Dialogues across difference have the potential to be more successful when each person in the conversation can bring their whole self to the table, consciously face how the problem relates to their lives and then communicate productively across those different experiences. My dream is that college campuses will live up to their possibility of being spaces where students are inspired to change the world. I want student affairs professionals and higher education administrators to create environments where we will multiply the spaces where people can show up as their authentic selves and be valued.
I want conversations where people have genuinely spoken truth from various points of view and for that to be the basis for action. As I reflected back on my keynote address, I realize that the audience may not have had any context for my comments. Many may not have known that the conference organizers asked me to speak about revolution nor that my research and theoretical work focuses on bringing oneself to the subject matter. I imagine without that context that my discussion of revolution might have seemed particularly raw.
In the field of higher education, I realize that in the current social and political climate that it is difficult to talk about race and racism. It conjures up feelings of fear and helplessness.
It harkens up images of violence from the past and present seen in the media. It reminds us that it is difficult to make a difference as one person. I realize that these are not quite the emotions you want to feel as you leave an opening to a conference.
My comments likely inspired conference attendees to be pensive rather than encouraged and affirmed. Even though I know student affairs professionals and higher education administrators are doing great work in the field, I believe we have to speak truth from many different perspectives about the state of our country. I am not a militant, but I channel one when I teach. Naming my truth as a Black person living in this country can seem combative or aggressive.
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It is hard for me to hear it as militant because I am generally an optimist. I view the challenges I face with racism as opportunities to learn and develop. Living with the consequences of racism is just the reality of what I live every day. As a teacher, I am a fierce protector of creating spaces to name the truth even if it is uncomfortable.
Similar to bell hooks; I invite my students my children, colleagues, conference attendees, friends, family, etc. I boldly reveal to them how the current state of race relations in our country affects me and how I work to survive the dehumanizing aspects. To avoid the overwhelming feelings of fear and helplessness, I actively work to shift my own thinking. It is my hope that by shifting my own thinking that I can actively contribute to the change that I want to see in the world.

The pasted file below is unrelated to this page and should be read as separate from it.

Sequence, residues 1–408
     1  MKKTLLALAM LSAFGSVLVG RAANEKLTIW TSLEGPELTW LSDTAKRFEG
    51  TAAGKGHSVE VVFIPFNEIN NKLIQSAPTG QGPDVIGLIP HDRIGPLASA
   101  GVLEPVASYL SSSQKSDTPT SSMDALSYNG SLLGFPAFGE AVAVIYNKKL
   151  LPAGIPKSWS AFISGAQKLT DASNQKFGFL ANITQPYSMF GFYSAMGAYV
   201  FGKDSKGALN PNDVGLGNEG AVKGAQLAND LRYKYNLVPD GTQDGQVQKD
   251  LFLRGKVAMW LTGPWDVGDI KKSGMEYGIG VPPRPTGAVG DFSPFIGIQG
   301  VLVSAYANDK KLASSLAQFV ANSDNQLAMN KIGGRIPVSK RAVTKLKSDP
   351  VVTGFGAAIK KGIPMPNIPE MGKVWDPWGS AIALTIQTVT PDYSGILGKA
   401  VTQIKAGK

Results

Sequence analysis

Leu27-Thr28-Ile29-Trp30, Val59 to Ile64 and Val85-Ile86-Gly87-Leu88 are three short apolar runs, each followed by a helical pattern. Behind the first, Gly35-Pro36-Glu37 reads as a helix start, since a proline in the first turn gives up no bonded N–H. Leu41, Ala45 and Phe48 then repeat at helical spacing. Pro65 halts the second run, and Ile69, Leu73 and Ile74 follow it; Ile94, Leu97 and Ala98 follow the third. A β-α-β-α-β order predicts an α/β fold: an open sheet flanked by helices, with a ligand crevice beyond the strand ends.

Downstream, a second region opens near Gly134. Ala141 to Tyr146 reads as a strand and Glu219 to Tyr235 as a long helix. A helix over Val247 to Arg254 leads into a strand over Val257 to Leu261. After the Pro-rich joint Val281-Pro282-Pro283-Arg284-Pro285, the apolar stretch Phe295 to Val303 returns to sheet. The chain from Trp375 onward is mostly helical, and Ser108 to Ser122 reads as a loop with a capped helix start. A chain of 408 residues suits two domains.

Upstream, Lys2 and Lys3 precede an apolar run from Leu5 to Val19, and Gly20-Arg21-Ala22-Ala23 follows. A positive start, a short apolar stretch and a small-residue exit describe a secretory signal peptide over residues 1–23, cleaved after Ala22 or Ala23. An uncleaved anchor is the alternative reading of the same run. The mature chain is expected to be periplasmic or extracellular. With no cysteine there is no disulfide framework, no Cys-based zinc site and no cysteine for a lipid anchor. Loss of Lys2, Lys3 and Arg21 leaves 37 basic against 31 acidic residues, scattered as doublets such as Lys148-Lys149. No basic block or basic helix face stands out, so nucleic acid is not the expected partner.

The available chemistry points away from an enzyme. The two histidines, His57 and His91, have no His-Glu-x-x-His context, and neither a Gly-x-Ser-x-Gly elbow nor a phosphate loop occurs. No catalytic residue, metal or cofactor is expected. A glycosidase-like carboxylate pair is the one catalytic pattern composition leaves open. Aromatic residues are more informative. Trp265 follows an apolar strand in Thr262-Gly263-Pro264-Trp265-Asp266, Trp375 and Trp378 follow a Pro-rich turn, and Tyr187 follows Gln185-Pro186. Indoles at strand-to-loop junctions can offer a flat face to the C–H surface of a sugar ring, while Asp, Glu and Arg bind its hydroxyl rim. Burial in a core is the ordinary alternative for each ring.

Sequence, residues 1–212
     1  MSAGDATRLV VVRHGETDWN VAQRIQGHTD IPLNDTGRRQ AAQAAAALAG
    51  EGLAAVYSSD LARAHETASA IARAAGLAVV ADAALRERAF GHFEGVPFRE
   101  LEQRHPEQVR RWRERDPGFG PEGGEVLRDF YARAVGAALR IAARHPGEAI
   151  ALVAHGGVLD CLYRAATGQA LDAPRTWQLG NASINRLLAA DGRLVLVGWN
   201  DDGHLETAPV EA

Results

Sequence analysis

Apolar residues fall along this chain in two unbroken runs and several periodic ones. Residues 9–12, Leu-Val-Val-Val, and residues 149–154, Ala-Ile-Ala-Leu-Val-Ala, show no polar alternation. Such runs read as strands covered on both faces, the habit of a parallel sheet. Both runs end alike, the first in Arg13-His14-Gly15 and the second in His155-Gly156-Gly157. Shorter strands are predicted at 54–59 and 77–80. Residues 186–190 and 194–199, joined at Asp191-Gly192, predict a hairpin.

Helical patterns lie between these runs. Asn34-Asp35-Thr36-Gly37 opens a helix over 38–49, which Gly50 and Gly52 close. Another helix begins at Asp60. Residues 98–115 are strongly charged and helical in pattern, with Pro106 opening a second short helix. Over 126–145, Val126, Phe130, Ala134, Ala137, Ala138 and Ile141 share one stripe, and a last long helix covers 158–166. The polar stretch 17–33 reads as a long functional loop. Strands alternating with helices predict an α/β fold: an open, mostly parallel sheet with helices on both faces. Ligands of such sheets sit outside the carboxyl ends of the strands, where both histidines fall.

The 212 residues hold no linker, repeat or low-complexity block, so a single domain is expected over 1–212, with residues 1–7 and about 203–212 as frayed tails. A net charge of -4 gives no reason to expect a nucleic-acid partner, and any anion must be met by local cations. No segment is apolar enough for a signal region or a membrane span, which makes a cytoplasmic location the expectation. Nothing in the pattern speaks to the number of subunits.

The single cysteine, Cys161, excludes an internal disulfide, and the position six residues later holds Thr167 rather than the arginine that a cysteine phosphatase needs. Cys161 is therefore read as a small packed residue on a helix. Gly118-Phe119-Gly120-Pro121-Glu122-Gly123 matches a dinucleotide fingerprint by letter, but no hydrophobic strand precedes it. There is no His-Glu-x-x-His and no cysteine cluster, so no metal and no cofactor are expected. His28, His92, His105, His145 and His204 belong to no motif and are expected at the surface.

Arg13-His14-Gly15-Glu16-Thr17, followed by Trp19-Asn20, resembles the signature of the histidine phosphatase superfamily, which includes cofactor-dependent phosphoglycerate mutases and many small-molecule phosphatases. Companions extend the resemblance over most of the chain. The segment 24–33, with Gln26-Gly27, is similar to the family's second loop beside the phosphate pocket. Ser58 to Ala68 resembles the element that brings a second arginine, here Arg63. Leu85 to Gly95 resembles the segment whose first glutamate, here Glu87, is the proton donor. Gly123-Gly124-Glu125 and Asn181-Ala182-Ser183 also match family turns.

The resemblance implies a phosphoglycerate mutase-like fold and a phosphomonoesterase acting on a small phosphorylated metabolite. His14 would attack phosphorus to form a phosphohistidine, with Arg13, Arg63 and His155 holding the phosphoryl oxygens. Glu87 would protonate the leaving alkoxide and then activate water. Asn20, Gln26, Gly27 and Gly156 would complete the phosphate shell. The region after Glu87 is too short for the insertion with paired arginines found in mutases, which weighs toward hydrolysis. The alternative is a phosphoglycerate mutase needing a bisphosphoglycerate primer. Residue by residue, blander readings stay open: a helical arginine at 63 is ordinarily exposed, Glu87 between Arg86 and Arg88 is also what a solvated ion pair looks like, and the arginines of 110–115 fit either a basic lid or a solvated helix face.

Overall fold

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I began my keynote address by sharing my state of mind. As an African American cis-female scholar, I have a complex and overwhelming story.
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Racism laces my day-to-day professional and personal life. As a scholar, I am one of the few African American full professors at my institution and in our field. I often feel isolated. As a parent, I am raising two African American male children.
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I fear for their lives daily. I wonder what would happen if we treated racism as a disease that we fight as aggressively as we do cancer. Considering my identity and experiences, it is impossible for me to show up as my whole self without feeling my rage and revealing how disturbed I am by the state of our nation. The events of late that include major acts of violence e.
These events reveal the fault lines in our country and our world. These lines show an increase in tension between polarizing views, particularly along racial lines in the United States. Further, these divides unmask that many of our citizens lack the skills to be in controversy in productive ways to solve social problems that lead to the persistent violence. It is my hope that we will learn how to communicate in meaningful ways about racism and other social ills that are products of the fear, hatred and misunderstanding of cultural difference.
In light of the protests and political unrest, I needed to find a way to shift my state of mind. I want to find ways to talk about the truths that are close to our heart and yet may be vastly different from our neighbors. I briefly describe and offer questions below for reflection.
I talk about my frustration, my deep sadness, and overwhelming anger. I name it. We all have a mode we get into when we are trying to accomplish something. You may put earbuds in to drown out noise. Maybe you find a place of solitude away from people and distractions. It is all about positioning yourself to be productive without anything or anyone interfering with your goals or train of thought. But I often wonder if we do that with God.
We can get so regimented in life we lose our sensitivity to where the Lord is leading us.
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As a church community, we are embarking into a six-week series with one goal and one prayer encapsulated in one word: Interruption. Interrupt our status quo. Interrupt our bias of what we think of the Holy Spirit. Interrupt our hate of ourselves and others.
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Interrupt our plans. Interrupt the things we feel captive to. Holy Spirit, interrupt us and show us Your glory. John NLT. Sign in to add your private notes….